President Nicolas Sarkozy's crusade to break down social barriers in France has run into stubborn opposition from the elite colleges, or Grandes Ecoles, which have dominated the country's system of higher education for more than two centuries.
The government wants the Grandes Ecoles, de facto finishing schools for the haute bourgeoisie and the ruling classes, to reserve 30 per cent of their places for young people from modest or poor backgrounds. Whether this amounts to a loose "target" or a fixed "quota" to be imposed depends on which minister is speaking.
The association which represents the 220 Grandes Ecoles – some large and prestigious, others small and obscure – is digging in its heels. Any attempt to weaken entry qualifications to boost the number of grant-aided students would "lead inevitably to a lowering of standards," said the Conférence des Grandes Ecoles (CGE).
How, the CGE asked, could potential employers trust a college's final diploma if they knew that some students had been given a lower entry requirement? The Grandes Ecoles must remain the preserve of a "veritable Republican elite", it said. That phrase in particular generated furious reactions yesterday, both in the centre-right government and on the Left.
The Education Minister, Luc Chatel – who, like Mr Sarkozy, did not go through the Grandes Ecoles system – said yesterday: "To suggest that standards would be lowered by admitting students from poorer backgrounds is profoundly shocking."
Although the Grandes Ecoles are supposed to be a meritocratic system, open to the best and brightest, they have become, in effect, the machinery by which the French social and governing elite replaces itself from among its own offspring. At the most prestigious Grandes Ecoles, such as the Ecole Polytechnique engineering college or the HEC business school, only about 10 per cent of the students are poor or grant-aided.
Mr Chatel said the government plans to impose a 30 per cent quota of grant-aided students – something which the Higher Education Minister, Valerie Pécresse, has always denied.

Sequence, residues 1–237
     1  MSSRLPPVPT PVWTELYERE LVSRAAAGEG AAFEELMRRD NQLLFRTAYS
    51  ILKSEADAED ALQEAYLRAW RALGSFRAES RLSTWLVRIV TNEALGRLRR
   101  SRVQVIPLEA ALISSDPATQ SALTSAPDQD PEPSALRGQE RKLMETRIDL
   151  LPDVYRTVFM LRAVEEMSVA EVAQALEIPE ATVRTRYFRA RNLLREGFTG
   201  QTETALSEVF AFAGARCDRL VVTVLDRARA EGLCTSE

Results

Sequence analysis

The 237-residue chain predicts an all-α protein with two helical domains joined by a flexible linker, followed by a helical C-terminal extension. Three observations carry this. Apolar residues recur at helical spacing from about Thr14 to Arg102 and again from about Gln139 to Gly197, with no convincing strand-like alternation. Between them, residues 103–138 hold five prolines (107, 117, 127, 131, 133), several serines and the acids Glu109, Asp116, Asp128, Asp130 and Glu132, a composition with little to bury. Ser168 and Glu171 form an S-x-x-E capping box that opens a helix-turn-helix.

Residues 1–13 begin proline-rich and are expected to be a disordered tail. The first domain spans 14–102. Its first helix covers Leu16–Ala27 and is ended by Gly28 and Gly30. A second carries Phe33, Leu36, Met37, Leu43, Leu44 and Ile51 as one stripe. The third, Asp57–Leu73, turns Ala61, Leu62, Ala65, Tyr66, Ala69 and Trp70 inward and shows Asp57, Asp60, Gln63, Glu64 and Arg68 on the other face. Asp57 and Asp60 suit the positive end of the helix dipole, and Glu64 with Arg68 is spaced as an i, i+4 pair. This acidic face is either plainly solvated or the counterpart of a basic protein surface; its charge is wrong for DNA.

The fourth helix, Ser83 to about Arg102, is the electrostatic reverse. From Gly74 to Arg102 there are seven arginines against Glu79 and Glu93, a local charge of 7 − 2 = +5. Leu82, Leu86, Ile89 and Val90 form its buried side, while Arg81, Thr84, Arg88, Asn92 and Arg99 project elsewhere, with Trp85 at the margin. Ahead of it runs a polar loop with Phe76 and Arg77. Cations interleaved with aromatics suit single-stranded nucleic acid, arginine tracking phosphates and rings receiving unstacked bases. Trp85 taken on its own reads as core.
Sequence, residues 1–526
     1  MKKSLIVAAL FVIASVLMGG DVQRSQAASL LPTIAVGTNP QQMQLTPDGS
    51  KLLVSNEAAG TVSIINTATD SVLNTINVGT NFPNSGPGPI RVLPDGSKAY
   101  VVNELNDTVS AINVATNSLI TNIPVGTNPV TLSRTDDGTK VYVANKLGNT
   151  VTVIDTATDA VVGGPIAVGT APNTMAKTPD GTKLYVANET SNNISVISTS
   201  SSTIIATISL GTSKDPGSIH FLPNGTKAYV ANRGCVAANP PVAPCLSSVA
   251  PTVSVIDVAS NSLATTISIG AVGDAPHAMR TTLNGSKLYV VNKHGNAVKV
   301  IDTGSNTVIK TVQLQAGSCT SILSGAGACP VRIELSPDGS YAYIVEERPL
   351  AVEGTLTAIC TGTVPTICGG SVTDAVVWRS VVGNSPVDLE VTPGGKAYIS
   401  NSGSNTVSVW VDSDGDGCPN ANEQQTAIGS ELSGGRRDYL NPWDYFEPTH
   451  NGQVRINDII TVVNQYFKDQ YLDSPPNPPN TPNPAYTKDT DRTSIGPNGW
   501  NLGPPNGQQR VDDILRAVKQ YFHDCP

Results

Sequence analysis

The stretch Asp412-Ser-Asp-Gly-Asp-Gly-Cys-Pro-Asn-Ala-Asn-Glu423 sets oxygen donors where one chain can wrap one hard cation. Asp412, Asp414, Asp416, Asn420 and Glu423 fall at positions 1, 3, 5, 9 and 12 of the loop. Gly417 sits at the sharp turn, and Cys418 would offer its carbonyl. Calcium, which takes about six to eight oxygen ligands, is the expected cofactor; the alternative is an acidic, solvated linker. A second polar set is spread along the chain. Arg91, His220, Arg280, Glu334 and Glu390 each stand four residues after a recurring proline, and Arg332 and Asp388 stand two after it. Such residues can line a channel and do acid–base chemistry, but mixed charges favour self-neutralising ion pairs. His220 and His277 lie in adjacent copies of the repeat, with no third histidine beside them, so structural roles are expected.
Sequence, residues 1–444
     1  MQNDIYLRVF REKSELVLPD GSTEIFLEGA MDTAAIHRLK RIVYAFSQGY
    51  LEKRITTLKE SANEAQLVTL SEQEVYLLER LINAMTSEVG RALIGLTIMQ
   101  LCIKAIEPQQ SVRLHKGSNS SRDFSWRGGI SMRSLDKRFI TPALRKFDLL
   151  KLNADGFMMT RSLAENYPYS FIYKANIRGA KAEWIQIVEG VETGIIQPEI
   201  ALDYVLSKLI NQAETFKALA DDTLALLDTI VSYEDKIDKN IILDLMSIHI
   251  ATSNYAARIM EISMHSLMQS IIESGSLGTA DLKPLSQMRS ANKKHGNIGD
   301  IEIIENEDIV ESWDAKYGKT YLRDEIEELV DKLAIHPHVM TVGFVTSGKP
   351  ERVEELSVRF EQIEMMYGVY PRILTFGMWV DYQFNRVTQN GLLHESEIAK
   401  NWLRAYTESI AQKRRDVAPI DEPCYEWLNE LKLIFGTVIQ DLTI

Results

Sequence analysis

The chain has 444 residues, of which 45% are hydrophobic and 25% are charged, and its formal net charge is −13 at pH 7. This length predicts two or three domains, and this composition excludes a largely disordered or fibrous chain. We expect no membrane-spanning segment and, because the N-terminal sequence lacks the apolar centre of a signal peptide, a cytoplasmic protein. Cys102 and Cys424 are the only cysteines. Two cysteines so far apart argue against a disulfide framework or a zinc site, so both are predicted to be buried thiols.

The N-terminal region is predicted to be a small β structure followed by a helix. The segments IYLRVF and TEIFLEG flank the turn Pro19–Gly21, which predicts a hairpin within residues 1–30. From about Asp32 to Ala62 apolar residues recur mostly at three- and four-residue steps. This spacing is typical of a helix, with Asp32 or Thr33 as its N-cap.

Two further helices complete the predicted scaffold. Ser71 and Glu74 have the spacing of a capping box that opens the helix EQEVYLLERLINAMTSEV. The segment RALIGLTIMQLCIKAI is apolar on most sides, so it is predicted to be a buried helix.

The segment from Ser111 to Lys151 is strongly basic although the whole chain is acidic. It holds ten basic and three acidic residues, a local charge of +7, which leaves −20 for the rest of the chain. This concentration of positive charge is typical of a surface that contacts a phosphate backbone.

Mme Pécresse spoke again yesterday of targets rather than quotas. She called on the Grandes Ecoles to show more "initiative and more willingness" to recruit from poorer backgrounds.
The plan was not to force the elite colleges to take under-qualified students, she said, but to persuade them to loosen the rigid entry procedures which unfairly favour students from rich or well-connected families.
The argument goes to the heart of President Sarkozy's attempts to break down social barriers in France and his attempts to revitalise the country's largely ramshackle university system.
Any French student who passes the baccalaureat (equivalent of A level) has an absolute right to attend university. To reach a Grande Ecole, a student has to go through two further years of expensive preliminary study in preparation for a series of interviews and exams.
Some of the less prestigious establishments already take a higher proportion of student from poor backgrounds. The real issue appears to be whether the dozen or so most prestigious colleges – those most prized by well-heeled, well-connected parents – should open their doors more widely to students from the white working class and the multi-racial suburbs.
The newspaper Le Monde said yesterday that the Grandes Ecoles system had probably seen its day. It was time to merge the elite colleges into the universities – precisely what the Grandes Ecoles fear most.
Top of the class: The Grandes Ecoles
* The Grandes Ecoles are descended from schools created in the 18th century to train a military and technical elite. The oldest and most prestigious colleges, such as the engineering school Ecole Polytechnique (founded 1794) still have a ceremonial uniform with a sword and cocked hat.
* The HEC, or Hautes Etudes Commerciales, founded in 1881, is one of the most respected business schools in the world.
* The other leading Grandes Ecoles include Ecole Normale Supérieure (founded 1845), Ecole des Mines (founded 1783) and Ecole des Ponts et Chaussées (founded 1747).
* Of the 2.2 million higher education students in France, around 300,000, or 14 per cent, are either in Grandes Ecoles or in the two-year classes which "prepare" for them.
* Grandes Ecoles are funded, from the public purse, far more generously than universities. The prestige of the Grande Ecoles system means that university first degrees – other than those in law or medicine – are regarded as second-rate.Reuse content